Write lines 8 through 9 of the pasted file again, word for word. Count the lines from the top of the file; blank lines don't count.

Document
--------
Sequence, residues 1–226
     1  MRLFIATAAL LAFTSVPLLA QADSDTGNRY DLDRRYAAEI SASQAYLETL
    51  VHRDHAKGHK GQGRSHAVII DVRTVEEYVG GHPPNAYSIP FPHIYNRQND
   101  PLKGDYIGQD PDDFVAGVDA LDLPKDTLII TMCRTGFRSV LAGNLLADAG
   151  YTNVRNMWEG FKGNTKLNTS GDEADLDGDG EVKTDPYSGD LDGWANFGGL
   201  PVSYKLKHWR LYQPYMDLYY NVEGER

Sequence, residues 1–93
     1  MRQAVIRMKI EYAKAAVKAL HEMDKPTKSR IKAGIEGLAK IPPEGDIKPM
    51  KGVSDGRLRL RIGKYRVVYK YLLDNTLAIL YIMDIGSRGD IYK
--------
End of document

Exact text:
     1  MRQAVIRMKI EYAKAAVKAL HEMDKPTKSR IKAGIEGLAK IPPEGDIKPM
    51  KGVSDGRLRL RIGKYRVVYK YLLDNTLAIL YIMDIGSRGD IYK